Released in 2009, In The Loop is of course a feature length, larger scale version of The Thick of It, an enormously successful political satire first launched on BBC4 that has since acquired a cult following. The popularity of the show is not just down to witty and intelligent scripts, but perhaps largely due to the superb and vibrant character that is Malcolm Tucker, political spin doctor. Played magnificently by Peter Capaldi, Tucker is Number 10’s attack dog, unleashed to deal with media storms reflecting badly on government. He spits out line after line of venomous insults, dripping with graphic and vulgar imagery. He hovers around in a frenzy, fretting about the incompetence of others. His swearing is so loud and non-stop that in one scene a passing American accosts him; “Enough with the curse words pal”. Tucker simply replies with a volley of typical vitriol.
In London Tucker is the big cheese, charging about confidently, marching into ministerial offices like he owns the place and intimidating cabinet members. Tom Hollander is an impressive addition to the cast as a bumbling everyman figure, essentially well meaning but conscious of his infant career. He tries valiantly to talk sense to Tucker, only to be bulldozed aside and dominated like the rest. A few too many slightly opinionated responses to interview questions about the developing situation in the Middle East and a “will they/won’t they” war (no prizes for guessing the recent crisis used for inspiration), and Hollander’s International Development minister is dispatched to Washington to quell fears about his resignation and bribe him back on side. Hilariously and accurately he is repeatedly told to stick to the government line, without being told clearly what this is, in fact he is simply baffled by the repeated blasts of explanation from Tucker.
In The Loop is impressive because once things shift to Washington the writers do a wonderful job of creating believable and amusing Yank career vultures too. Across the pond their own inter-departmental war is raging, between those for and against conflict, and no one will overtly announce what they’re rushing around and bickering about. A funny speech from Hollander’s character back home, trying to be ambiguous about the UK’s stance with typical MP speak, has been adapted and taken on by the pro-war Americans, with the cliché phrase “climb the mountain of conflict” isolated.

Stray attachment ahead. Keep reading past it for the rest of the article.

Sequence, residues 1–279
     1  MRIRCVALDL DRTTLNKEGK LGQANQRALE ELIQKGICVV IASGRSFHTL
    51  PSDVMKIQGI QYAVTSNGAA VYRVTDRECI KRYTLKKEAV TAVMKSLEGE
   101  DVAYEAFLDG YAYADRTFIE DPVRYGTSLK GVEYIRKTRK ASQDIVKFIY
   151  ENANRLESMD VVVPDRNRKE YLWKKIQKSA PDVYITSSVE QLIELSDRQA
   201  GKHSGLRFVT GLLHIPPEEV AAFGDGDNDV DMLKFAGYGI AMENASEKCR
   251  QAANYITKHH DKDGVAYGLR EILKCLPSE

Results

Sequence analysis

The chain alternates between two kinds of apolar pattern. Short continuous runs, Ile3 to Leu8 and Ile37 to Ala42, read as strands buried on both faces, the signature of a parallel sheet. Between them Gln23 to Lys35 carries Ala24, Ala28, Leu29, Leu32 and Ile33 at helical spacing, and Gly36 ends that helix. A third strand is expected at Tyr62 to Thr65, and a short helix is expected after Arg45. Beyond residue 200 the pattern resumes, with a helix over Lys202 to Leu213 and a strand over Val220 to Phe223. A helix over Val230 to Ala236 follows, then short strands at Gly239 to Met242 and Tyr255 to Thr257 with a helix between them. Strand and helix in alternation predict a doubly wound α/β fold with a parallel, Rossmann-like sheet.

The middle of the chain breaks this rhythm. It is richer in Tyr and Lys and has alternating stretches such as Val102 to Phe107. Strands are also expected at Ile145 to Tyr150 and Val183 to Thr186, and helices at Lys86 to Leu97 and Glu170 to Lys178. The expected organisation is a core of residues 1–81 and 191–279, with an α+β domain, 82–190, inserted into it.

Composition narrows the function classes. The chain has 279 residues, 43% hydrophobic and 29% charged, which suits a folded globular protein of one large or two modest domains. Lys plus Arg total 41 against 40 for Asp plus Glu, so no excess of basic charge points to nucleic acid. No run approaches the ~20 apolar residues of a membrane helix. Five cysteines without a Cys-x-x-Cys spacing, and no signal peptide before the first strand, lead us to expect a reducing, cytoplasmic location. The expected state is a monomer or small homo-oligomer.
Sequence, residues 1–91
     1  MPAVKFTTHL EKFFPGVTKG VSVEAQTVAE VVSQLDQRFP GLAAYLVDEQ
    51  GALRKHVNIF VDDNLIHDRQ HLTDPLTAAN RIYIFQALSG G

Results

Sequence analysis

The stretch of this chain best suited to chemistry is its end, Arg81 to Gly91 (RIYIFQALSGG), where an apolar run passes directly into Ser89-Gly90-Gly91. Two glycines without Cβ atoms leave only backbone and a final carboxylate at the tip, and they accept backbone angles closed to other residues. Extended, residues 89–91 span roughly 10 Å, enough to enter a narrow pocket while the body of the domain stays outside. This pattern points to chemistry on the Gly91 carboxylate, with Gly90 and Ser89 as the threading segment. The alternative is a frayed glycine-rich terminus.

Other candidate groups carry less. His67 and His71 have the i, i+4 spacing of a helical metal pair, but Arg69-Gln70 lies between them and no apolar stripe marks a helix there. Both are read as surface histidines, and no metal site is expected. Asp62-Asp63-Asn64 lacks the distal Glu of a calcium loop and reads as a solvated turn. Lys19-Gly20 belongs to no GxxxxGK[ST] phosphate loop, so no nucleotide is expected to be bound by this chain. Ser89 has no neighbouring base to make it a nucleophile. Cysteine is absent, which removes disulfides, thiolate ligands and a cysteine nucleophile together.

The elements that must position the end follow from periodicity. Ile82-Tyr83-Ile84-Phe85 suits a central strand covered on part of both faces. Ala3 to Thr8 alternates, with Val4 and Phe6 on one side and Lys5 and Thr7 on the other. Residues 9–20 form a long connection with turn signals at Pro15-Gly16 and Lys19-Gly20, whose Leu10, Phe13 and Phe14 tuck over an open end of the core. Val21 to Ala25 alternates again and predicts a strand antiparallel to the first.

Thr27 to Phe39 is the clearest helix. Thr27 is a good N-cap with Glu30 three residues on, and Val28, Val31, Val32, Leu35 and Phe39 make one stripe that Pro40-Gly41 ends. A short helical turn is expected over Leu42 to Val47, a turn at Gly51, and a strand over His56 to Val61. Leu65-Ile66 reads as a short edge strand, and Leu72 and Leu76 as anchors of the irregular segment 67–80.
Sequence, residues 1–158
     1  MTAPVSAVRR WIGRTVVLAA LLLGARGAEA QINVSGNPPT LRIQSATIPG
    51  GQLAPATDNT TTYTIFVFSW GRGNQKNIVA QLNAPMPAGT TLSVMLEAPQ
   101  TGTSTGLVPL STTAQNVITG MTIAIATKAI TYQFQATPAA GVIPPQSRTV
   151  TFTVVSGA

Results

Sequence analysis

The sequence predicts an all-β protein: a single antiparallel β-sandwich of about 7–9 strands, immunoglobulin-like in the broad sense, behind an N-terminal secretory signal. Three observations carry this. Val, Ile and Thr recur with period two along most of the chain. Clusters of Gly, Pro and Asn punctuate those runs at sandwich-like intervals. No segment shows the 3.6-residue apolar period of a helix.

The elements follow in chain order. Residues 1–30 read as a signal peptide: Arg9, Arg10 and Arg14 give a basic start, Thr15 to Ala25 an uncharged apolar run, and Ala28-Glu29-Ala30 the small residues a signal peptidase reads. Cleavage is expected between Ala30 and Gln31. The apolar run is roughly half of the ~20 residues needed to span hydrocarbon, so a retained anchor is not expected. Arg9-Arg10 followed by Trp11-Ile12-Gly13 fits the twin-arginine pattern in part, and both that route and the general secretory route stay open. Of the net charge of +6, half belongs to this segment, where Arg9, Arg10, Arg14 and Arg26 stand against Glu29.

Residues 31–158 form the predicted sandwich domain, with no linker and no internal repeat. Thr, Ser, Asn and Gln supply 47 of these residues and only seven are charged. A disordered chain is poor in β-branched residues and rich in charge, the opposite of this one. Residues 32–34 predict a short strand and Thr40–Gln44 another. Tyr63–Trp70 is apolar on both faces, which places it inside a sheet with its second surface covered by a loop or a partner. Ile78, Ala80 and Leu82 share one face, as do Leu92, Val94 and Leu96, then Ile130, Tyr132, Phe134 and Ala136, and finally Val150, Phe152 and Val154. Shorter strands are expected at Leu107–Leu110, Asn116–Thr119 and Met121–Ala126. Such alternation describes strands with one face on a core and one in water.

Tucker tags along for the ride, keen to ensure his mistake prone minister doesn’t balls up again. Hollander is accompanied by his geeky and clumsy new aide, played by Chris Addison, who gives a warm and funny performance. He is surprisingly well connected and becomes crucial to the plot, whilst remaining inept. Drawing his Washington trip he beds an old American university colleague and when this is found out by his British Foreign Office girlfriend on his return, he comically and awkwardly attempts to claim he did it to try and stop the war. Things zip along with laughs in every scene, the stateside action broken up with a constituency visit and an irate Steve Coogan, until the climax of a vote at the UN for or against military action.
Prior to the vote Malcolm Tucker is slapped down by his American superiors. In Washington he is a castrated beast, a joke to the hot shot Yanks. Push aside his vulgarity and the obvious point of the film and the series, to get us to look at the ridiculous and distorted nature of modern political spin, truly engineered and evolved by Blair with Alastair Campbell, and Tucker is irresistibly likeable as a character. He is weirdly brilliant at what he does. And bewilderingly you root for him as he rises from the ashes, despite the immorality and twisted motivation. You don’t mind so much as Hollander’s eventual moral stand is crushed by his masterful scheming. You laugh along and rejoice in his charisma and sheer balls, as he and fellow Scott sidekick Paul Higgins, playing Senior Press Officer Jamie McDonald back in Britain, smash their way to their objectives. In The Loop is an intelligent and endlessly funny Christmas present, but however much Tucker’s insults have you splitting your sides, you wouldn’t want him around the family turkey dinner table.